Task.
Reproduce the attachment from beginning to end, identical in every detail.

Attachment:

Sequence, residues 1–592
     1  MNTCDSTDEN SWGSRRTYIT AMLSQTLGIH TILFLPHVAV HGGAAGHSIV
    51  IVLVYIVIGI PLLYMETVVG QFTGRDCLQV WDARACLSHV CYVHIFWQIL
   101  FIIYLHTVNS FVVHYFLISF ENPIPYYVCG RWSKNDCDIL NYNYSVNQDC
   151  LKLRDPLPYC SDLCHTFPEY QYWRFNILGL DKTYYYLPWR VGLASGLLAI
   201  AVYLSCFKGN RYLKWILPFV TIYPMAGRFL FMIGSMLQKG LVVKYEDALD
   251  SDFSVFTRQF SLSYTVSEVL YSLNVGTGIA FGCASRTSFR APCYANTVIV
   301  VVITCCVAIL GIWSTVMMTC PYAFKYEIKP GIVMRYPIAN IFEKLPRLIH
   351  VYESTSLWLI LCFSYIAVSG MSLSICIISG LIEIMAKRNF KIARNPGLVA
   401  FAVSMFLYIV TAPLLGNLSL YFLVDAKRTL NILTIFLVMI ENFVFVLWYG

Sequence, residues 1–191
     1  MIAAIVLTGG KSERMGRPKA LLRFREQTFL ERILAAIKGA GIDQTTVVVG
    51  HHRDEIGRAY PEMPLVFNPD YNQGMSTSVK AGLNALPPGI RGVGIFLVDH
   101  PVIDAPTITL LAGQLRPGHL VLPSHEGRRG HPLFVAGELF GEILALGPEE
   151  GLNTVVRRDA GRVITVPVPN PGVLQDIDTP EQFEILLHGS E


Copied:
Sequence, residues 1–592
     1  MNTCDSTDEN SWGSRRTYIT AMLSQTLGIH TILFLPHVAV HGGAAGHSIV
    51  IVLVYIVIGI PLLYMETVVG QFTGRDCLQV WDARACLSHV CYVHIFWQIL
   101  FIIYLHTVNS FVVHYFLISF ENPIPYYVCG RWSKNDCDIL NYNYSVNQDC
   151  LKLRDPLPYC SDLCHTFPEY QYWRFNILGL DKTYYYLPWR VGLASGLLAI
   201  AVYLSCFKGN RYLKWILPFV TIYPMAGRFL FMIGSMLQKG LVVKYEDALD
   251  SDFSVFTRQF SLSYTVSEVL YSLNVGTGIA FGCASRTSFR APCYANTVIV
   301  VVITCCVAIL GIWSTVMMTC PYAFKYEIKP GIVMRYPIAN IFEKLPRLIH
   351  VYESTSLWLI LCFSYIAVSG MSLSICIISG LIEIMAKRNF KIARNPGLVA
   401  FAVSMFLYIV TAPLLGNLSL YFLVDAKRTL NILTIFLVMI ENFVFVLWYG

Sequence, residues 1–191
     1  MIAAIVLTGG KSERMGRPKA LLRFREQTFL ERILAAIKGA GIDQTTVVVG
    51  HHRDEIGRAY PEMPLVFNPD YNQGMSTSVK AGLNALPPGI RGVGIFLVDH
   101  PVIDAPTITL LAGQLRPGHL VLPSHEGRRG HPLFVAGELF GEILALGPEE
   151  GLNTVVRRDA GRVITVPVPN PGVLQDIDTP EQFEILLHGS E